If Beale Street Could Talk

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The inspiration for the new film from Oscar award-winning director Barry Jenkins 'Achingly beautiful' Guardian Harlem in the 1970s: the black soul of New York City. Tish is nineteen and the man she loves - her lifelong friend and the father of her unborn child - has been jailed for a crime he did not commit. As their families come together to fight for his freedom, will their love be enough? 'Soulful . . . Racial injustice may flatten "the black experience" into one single, fearful, constantly ...

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Gissinglover

Oct 12, 2017

Beale Street In Harlem

Although Beale Street was the fabled center of African American life and music in Memphis, this 1974 novel by James Baldwin (1924 -- 1987), with Beale Street as its namesake, is set in Harlem. The title is apt as Baldwin celebrates black life together with a great deal of black music. The themes of the novel include racism, family, and religion. But this book primarily is a love story.

The story is narrated by a 19 year old woman, Tish (Clementine) Rivers. Tish is in love with 22 year old Fonny (Alonzo) Hunt and Fonny is in love with her. Tish and Fonny have been sweethearts since childhood and have been called "Romeo and Juliet" by their neighbors and friends. As the story opens, Fonny is languishing in jail, the notorious "Tombs" in New York City, spuriously charged with the rape of a young Puerto Rican woman. Fonny's dream is to be a sculptor. Before his arrest, he had moved into a tiny "pad" near Grenwich Village where he tries to live the life of a young artist, working in wood and metal. Tish is pregnant with Fonny's child. Baldwin's story centers upon Tish's and Fonny's relationship in this difficult circumstance with throwbacks to the development of their love for each other.

The story involves the relationship of the two families as well. Tish comes from a happy family. Her father, Joe, was a sailor before he settled down and took work on the docks. Her mother, Sharon, once aspired to be a singer. Tish has an older sister, Ernestine, who works helping troubled children. Ernestine finds a lawyer, a white man in his mid-30s named Hayward, to represent Fonny.

Fonny's family life is much less happy. His father, Frank, was a tailor but loses his shop and takes work in the garment district. Fonny's two sisters are college-educated and don't get along with Fonny. His mother, Helen, is member of a sanctified, evangelical black church. Baldwin shows a great deal of cynicism in this book about religion. Frank and Helen don't get along.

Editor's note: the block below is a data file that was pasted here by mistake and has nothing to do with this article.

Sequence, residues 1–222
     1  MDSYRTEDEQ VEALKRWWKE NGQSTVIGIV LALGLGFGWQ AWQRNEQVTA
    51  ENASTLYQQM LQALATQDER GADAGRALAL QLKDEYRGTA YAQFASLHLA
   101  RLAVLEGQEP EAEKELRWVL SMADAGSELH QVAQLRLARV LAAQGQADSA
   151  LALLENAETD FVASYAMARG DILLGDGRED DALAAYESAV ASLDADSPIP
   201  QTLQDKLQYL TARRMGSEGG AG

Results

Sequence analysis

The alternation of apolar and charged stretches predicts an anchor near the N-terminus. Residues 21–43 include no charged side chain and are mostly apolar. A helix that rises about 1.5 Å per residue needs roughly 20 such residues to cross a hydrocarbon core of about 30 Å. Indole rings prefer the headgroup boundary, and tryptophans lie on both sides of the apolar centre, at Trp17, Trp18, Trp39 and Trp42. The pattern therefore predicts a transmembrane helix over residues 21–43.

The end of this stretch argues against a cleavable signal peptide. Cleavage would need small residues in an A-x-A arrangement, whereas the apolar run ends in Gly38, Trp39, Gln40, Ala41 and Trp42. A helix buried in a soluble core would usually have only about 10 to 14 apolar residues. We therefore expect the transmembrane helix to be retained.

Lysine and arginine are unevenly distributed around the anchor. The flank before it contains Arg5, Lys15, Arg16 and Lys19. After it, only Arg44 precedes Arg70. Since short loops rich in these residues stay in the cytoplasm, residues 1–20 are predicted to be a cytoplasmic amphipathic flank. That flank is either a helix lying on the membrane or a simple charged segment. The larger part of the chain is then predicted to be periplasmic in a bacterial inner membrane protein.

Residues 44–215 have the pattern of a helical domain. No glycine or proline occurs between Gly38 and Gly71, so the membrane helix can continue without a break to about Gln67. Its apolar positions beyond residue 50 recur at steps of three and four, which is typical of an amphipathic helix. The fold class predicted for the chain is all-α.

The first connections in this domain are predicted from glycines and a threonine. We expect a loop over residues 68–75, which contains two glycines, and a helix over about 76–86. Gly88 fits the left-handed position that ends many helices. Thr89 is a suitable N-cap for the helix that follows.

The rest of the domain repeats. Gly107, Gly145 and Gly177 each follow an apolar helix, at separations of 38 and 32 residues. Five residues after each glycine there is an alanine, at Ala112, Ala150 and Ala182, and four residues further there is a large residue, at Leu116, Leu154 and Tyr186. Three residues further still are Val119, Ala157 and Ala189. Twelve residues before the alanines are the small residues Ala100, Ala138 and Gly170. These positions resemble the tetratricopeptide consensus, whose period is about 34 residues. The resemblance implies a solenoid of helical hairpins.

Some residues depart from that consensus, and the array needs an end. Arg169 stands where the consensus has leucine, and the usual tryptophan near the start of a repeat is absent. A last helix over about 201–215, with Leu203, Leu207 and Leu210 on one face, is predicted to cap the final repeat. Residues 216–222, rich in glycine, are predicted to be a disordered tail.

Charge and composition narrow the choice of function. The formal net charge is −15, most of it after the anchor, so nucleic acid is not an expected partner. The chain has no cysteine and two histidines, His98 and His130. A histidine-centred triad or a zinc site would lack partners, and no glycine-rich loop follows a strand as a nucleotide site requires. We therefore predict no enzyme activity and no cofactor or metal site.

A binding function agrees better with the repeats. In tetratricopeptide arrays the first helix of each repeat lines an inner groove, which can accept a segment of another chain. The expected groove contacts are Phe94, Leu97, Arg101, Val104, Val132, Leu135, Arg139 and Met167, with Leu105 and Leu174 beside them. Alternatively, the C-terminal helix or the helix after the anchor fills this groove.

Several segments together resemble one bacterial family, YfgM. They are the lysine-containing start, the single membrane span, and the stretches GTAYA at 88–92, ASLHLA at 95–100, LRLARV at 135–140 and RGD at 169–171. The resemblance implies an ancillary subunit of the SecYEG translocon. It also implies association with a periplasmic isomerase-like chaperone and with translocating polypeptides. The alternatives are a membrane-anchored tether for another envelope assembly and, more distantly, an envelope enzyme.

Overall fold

When Tish discovers her pregnancy, her family is supportive. In addition, Tish's family works tirelessly to free her fiancé, Fonny from jail. Frank, Fonny's father, is also shown positively in his support for the young couple and for his son. Helen and the daughters are sanctimonious and hostile because the couple have had sex before marriage and are having a child out of wedlock.

Baldwin's story is unapologetically romantic in that it urges the possibility of deep and lasting love between two young people. As against what he sees as religious teachings, Baldwin emphasizes the physical, increasingly sexual nature of the young couple's emotional relationship. Baldwin's understanding of man-woman love and its mysteries, which seems to include passion, possessiveness, and strong views of gender roles, does not seem to me fully consistent with the way many people today try to understand gender issues, with the contemporary emphasis on high personal autonomy, independence, and egalitarianism.

The novel is filled with racial anguish and anger as Fonny is set up and knowingly falsely accused by a New York City policeman. The love of the couple is contrasted to the racism of their surroundings and to the loathsome condition of the prison which threatens to deprive Fonny of his character and his manhood.

Baldwin's writing in this novel is uneven. The scenes between Fonny and Tish, the physical consummation of their relationship, and the depictions of the streets of New York are highly effective. When Tish speaks colloquially and toughly, the writing is believable and tight. But there are some windy abstract passages in this book in which the young girl speaks in the not-so-persuasive -- or interesting --language of the adult Baldwin. Also, Tish offers narrations of many scenes in the story which she did not herself witness such as interactions between Frank and Joe at a bar, meetings between Tish's mother and the lawyer, and Tish's mother's trip to Puerto Rico to meet the young Puerto Rican woman that Fonny allegedly raped to try to get her to change her story. The young woman had been sent back home by the district attorney. The book does not adequately explain the source of Tish's knowledge of these incidents. Thus these second-hand reported scenes tend to be unconvincing. The book also comes to a quick and abrupt ending.

Baldwin has written a love story that rewards the telling and an angry criticism of racism. "If Beale Street could Talk" may not be the best of Baldwin's books but it is worthwhile. The book made me want to read more of Baldwin.

Robin Friedman

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